Saturday, October 12, 2019

News Note: Federal Reserve to Scrub the System with SOAP

At the end of September the Federal Reserve started new operations with Repos in response to an apparent liquidity shortage. At that time, these operations were described as "temporary" and we ran this news note about it here.

Dr. Judy Shelton has tracked the progression of this situation on her Twitter feed by noting new announcements about the extension of this policy further and further. As these new operations expanded and the time frame was extended, people began describing this as a new QE (Quantitative Easing) policy emerging from the Fed. It seems that Fed Chairman Jerome Powell did not like that kind of talk so he made it clear that in no way should we view these new operations as a new QE program. Jim Rickards posted this on his Twitter feed indicating that despite his protest to the contrary, the Fed is engaging in QE in his view. 

Now we have this latest article by Jeff Cox appearing on CNBC to describe how this new Fed policy to "expand its balance sheet" will work. Since the Fed does not want anyone calling this new policy QE, the article quotes George Selgin of the Cato Institute as coining a new term for it. He is calling this new policy "Supplementary Organic Asset Purchases" or SOAP for short. So please keep in mind, the Fed is absolutely not implementing QE, but will instead be using "SOAP" to clean things up in the messy overnight lending markets. Below is an excerpt from the CNBC article.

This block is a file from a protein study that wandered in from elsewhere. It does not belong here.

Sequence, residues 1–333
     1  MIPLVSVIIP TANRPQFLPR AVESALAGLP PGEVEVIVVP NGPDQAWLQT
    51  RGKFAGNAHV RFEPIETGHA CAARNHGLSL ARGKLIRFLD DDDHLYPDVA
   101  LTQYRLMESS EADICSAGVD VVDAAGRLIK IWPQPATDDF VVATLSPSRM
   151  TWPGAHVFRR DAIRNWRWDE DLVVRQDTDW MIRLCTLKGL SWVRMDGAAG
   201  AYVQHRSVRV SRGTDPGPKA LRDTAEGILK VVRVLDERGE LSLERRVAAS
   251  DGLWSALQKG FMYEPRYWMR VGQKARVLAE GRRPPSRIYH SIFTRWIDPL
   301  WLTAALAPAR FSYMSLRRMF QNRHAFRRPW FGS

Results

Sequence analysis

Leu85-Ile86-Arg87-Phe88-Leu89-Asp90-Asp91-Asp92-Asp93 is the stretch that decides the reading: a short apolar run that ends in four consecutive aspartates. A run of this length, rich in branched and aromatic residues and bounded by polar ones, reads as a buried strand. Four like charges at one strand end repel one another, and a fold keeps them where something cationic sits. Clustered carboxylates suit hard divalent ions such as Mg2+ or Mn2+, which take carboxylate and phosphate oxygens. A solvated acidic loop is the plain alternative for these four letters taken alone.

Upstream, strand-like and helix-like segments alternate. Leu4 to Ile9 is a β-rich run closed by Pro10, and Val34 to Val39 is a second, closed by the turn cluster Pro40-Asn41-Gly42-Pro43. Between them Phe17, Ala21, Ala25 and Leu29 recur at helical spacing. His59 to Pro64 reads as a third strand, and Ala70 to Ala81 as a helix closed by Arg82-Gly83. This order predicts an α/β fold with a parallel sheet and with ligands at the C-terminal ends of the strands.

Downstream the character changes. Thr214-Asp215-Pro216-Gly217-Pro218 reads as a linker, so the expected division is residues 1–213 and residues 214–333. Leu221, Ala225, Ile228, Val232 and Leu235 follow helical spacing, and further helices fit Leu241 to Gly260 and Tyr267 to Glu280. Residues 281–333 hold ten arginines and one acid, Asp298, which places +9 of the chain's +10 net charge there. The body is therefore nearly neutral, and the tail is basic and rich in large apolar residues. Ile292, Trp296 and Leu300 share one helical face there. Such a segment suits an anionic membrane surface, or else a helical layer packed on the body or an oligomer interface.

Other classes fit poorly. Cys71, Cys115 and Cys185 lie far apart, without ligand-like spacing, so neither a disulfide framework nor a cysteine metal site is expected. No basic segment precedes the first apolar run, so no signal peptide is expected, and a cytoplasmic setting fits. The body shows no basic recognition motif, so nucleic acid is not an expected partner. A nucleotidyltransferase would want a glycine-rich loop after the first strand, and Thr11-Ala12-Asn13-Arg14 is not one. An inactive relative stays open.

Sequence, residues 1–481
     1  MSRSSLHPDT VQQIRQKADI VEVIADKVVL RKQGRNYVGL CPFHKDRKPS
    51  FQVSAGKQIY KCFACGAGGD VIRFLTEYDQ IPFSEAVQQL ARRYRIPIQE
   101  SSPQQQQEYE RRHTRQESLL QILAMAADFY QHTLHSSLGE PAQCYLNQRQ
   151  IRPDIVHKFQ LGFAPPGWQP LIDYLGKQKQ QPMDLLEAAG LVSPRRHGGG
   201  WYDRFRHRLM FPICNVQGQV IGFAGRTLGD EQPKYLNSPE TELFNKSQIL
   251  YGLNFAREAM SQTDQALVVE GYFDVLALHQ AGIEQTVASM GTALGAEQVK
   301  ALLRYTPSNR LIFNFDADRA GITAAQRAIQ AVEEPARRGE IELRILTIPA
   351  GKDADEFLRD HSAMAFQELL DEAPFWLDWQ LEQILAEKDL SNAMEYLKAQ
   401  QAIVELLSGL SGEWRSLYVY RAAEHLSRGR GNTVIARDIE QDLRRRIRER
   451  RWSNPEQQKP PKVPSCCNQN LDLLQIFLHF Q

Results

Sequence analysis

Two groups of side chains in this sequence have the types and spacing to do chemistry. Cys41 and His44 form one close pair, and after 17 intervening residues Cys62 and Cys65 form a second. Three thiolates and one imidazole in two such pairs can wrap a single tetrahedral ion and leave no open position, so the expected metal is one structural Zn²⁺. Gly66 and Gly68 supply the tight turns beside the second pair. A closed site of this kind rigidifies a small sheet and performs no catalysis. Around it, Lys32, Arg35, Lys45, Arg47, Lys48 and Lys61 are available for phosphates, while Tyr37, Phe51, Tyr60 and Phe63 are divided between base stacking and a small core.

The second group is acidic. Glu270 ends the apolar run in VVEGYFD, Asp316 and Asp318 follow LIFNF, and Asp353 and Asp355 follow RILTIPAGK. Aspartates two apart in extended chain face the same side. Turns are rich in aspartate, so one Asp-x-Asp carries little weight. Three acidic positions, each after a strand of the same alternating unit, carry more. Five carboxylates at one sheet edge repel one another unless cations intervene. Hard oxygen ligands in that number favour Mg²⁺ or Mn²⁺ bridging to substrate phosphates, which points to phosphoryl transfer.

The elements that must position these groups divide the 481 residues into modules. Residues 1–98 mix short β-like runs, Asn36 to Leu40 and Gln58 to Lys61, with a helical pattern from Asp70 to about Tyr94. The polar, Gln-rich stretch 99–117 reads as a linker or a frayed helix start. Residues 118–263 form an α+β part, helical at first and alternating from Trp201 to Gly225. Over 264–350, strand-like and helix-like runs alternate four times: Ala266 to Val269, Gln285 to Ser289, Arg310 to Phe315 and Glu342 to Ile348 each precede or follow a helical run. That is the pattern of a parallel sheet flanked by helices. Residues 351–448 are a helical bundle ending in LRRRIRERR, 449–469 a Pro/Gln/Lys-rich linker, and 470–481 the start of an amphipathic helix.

"Ultimately, what the operation is called will matter less than how it is executed and communicated.

“In some sense it doesn’t matter why they’re doing it or what they call it. What matters is that they are creating base money and expanding their balance sheet, and those repercussions aren’t going to depend on what they call it,” George Selgin, senior fellow and director of Cato’s Center for Monetary and Financial Alternatives, said in an interview.

“There is an important issue of public perception here,” he continued. “I suppose calling it QE would give people the impression that the Fed is fighting a recession again, or thinks it is fighting a recession again, and trying to create a positive stimulus for the economy. Neither of these things is true. Their concern is trying to avoid the cash shortages that are causing rates to rise above their target.”

. . . . 

"Selgin, in fact, coined his own term for what is ahead: “Supplementary Organic Asset Purchases,” or SOAP. Fed officials have stressed the “organic” nature of balance sheet growth as opposed to QE."

. . . .

“The Fed is learning that it’s not so easy as they thought to keep the banking system as a whole flush with reserves,” Selgin said. “We may end up seeing SOAP 1, SOAP 2 or SOAP 3.”

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